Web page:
When Good People Do Bad Things: Group Behavior

Discussion in 'Ethics, Morality, & Justice' started by Magical Realist, Jun 13, 2014.

  1. Magical Realist Valued Senior Member

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    "Researchers find that being in a group makes some people lose touch with their personal moral beliefs. When people get together in groups, unusual things can happen -- both good and bad. Groups create important social institutions that an individual could not achieve alone, but there can be a darker side to such alliances: Belonging to a group makes people more likely to harm others outside the group.

    When people get together in groups, unusual things can happen -- both good and bad. Belonging to a group makes people more likely to harm others outside the group.

    "Although humans exhibit strong preferences for equity and moral prohibitions against harm in many contexts, people's priorities change when there is an 'us' and a 'them,'" says Rebecca Saxe, an associate professor of cognitive neuroscience at MIT. "A group of people will often engage in actions that are contrary to the private moral standards of each individual in that group, sweeping otherwise decent individuals into 'mobs' that commit looting, vandalism, even physical brutality."

    Several factors play into this transformation. When people are in a group, they feel more anonymous, and less likely to be caught doing something wrong. They may also feel a diminished sense of personal responsibility for collective actions.

    Saxe and colleagues recently studied a third factor that cognitive scientists believe may be involved in this group dynamic: the hypothesis that when people are in groups, they "lose touch" with their own morals and beliefs, and become more likely to do things that they would normally believe are wrong.

    In a study that recently went online in the journal NeuroImage, the researchers measured brain activity in a part of the brain involved in thinking about oneself. They found that in some people, this activity was reduced when the subjects participated in a competition as part of a group, compared with when they competed as individuals. Those people were more likely to harm their competitors than people who did not exhibit this decreased brain activity.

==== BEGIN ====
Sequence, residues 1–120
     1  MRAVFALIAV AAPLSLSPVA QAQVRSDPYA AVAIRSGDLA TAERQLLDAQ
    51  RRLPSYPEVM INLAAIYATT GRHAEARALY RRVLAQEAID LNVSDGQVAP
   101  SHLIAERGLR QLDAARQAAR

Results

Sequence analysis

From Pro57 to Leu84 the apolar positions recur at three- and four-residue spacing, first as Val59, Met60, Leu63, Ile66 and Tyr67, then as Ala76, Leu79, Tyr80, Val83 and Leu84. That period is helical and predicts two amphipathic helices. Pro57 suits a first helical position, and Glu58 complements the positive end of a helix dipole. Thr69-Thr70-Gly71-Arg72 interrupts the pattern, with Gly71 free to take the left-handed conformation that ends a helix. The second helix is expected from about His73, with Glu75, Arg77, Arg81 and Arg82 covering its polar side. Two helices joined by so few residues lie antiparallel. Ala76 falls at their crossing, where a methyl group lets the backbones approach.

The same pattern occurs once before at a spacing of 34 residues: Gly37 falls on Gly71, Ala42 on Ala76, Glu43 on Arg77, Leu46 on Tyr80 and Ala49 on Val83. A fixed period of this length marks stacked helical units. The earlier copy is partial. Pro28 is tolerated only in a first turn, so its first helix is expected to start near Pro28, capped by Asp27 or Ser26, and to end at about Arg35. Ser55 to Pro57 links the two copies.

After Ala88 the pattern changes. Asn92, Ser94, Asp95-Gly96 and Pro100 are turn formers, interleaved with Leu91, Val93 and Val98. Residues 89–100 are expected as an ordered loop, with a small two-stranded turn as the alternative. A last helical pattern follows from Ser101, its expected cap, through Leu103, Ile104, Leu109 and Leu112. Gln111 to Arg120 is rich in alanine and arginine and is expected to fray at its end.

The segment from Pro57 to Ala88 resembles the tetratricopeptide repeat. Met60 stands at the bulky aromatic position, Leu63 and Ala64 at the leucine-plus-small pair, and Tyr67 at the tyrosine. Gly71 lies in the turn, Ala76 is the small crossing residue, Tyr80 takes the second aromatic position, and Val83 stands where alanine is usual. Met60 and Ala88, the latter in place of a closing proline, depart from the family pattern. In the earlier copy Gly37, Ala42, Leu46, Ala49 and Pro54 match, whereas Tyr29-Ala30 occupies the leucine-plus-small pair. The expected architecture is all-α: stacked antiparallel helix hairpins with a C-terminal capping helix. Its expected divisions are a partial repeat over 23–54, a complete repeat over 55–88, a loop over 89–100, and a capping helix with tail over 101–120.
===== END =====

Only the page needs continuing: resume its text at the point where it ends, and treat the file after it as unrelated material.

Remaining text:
"This process alone does not account for intergroup conflict: Groups also promote anonymity, diminish personal responsibility, and encourage reframing harmful actions as 'necessary for the greater good.' Still, these results suggest that at least in some cases, explicitly reflecting on one's own personal moral standards may help to attenuate the influence of 'mob mentality,'" says Mina Cikara, a former MIT postdoc and lead author of the NeuroImage paper.

    Group dynamics

    Cikara, who is now an assistant professor at Carnegie Mellon University, started this research project after experiencing the consequences of a "mob mentality": During a visit to Yankee Stadium, her husband was ceaselessly heckled by Yankees fans for wearing a Red Sox cap. "What I decided to do was take the hat from him, thinking I would be a lesser target by virtue of the fact that I was a woman," Cikara says. "I was so wrong. I have never been called names like that in my entire life."

    The harassment, which continued throughout the trip back to Manhattan, provoked a strong reaction in Cikara, who isn't even a Red Sox fan.

    "It was a really amazing experience because what I realized was I had gone from being an individual to being seen as a member of 'Red Sox Nation.' And the way that people responded to me, and the way I felt myself responding back, had changed, by virtue of this visual cue -- the baseball hat," she says. "Once you start feeling attacked on behalf of your group, however arbitrary, it changes your psychology."

    Cikara, then a third-year graduate student at Princeton University, started to investigate the neural mechanisms behind the group dynamics that produce bad behavior. In the new study, done at MIT, Cikara, Saxe (who is also an associate member of MIT's McGovern Institute for Brain Research), former Harvard University graduate student Anna Jenkins, and former MIT lab manager Nicholas Dufour focused on a part of the brain called the medial prefrontal cortex. When someone is reflecting on himself or herself, this part of the brain lights up in functional magnetic resonance imaging (fMRI) brain scans.

    A couple of weeks before the study participants came in for the experiment, the researchers surveyed each of them about their social-media habits, as well as their moral beliefs and behavior. This allowed the researchers to create individualized statements for each subject that were true for that person -- for example, "I have stolen food from shared refrigerators" or "I always apologize after bumping into someone."